The Weakness of God

1 Cor 1-25
Image: “Creative Commons Strength” by Brett Curtiss is licensed under CC BY 2.0 (quotation added)

When “God” ceases to be an objective, super-powered being out there, “God” becomes a name that we attach to an event which disrupts us, disturbs us, calls us to think and act beyond ourselves. When, in our awareness, an event beckons us toward the promises, potentialities, and possibilities of the future, we likely experience something deep within which we often name God, Sacred, Mystery, the Other, Thou. In truth, we are attempting to name the “unknowing” that always intrudes upon us. Desiring to be strong, we give that beckoning a name, and thus an objective reality. It is as if by naming that we bring the event under our control. In my quest for control I attempt to locate the event outside of me. If, on the other hand, I simply stay present to the beckoning and abide in the unknowing I may hear, sense, and/or attend to the call that I insist upon myself as if it were insisted upon me, because I can do no other.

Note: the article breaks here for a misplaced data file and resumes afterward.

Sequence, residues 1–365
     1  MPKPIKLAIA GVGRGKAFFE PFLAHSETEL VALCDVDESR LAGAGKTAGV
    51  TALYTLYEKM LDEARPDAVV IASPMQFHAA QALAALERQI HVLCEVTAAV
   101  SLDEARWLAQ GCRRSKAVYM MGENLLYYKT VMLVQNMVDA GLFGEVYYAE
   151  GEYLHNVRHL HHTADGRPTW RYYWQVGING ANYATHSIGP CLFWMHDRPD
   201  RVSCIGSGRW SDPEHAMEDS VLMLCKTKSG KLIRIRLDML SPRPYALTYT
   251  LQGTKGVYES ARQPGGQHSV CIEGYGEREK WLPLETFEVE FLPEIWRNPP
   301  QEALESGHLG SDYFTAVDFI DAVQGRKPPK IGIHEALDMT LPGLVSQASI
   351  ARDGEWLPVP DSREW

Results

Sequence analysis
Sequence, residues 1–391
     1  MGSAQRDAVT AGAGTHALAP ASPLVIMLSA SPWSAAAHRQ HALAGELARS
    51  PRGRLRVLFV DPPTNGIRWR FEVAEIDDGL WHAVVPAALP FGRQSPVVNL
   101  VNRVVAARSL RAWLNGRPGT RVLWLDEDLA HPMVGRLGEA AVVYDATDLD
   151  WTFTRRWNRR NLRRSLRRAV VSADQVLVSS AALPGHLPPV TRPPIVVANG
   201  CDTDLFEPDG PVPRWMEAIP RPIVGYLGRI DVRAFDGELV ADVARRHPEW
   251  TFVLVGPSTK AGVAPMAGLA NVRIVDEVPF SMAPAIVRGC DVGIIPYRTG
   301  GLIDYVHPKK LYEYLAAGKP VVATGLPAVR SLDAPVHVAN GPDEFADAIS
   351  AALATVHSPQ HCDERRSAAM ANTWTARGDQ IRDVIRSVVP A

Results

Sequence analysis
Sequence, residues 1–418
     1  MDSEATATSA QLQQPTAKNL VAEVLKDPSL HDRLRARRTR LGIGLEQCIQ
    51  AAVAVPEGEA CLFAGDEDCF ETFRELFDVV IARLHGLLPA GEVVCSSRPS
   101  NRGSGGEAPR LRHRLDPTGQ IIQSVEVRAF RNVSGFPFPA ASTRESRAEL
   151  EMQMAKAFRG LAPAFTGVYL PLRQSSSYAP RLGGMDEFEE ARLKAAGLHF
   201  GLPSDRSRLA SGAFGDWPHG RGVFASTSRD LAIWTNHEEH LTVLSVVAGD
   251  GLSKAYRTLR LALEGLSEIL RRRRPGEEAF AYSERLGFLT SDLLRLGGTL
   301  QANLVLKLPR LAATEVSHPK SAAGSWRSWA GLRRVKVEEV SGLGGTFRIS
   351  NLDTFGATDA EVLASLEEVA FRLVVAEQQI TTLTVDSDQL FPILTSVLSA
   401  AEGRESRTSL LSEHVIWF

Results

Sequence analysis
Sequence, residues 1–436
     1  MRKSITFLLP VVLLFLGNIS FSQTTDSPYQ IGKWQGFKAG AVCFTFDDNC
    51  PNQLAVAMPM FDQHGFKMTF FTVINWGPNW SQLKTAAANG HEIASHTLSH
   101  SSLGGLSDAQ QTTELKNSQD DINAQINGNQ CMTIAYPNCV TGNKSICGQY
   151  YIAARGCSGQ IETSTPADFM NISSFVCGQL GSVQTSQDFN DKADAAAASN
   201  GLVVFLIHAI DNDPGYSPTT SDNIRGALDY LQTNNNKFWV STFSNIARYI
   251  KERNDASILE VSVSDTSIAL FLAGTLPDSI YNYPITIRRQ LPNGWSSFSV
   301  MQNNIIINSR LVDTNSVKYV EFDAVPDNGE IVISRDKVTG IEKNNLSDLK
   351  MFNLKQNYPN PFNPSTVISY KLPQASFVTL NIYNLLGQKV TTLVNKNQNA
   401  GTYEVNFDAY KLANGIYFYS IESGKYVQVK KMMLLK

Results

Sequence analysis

The beckoning is a force-field that radiates through my being and draws me beyond myself, while keeping me rooted in my self and my context.

John Caputo (The Weakness of God: a Theology of the Event, 2006, pages 7 & 11) writes:

“The name of God… is a word forged in the fires of life… signaling something familiar… yet bottomless… incomprehensible. That is because it shelters an event… [The name of God is] an odd sort of Magnificat… whose passion and existential intensity are correspondingly magnified by this very undecidability.”

Is it possible to engage mystery (“this very undecidability”) without having to be in charge of the experience? The mystery creates a tension within us. On one hand it challenges our need to be in control. On the other, it energizes an adventurous part of us that is willing to embrace the emptiness where asking “Why?” seems out of place. We often name that tension which draws us, calls us, “God.” Even those who choose to deny God seem drawn into the conversation. I suspect that the experiencing of an event of insistence which draws us beyond ourselves is not dependent upon a belief in God. Non-believers are also drawn toward acts of compassion, peace, and justice. The difference is how we name the event, as well as whether or not we demand that our way is the only correct way to name the event.

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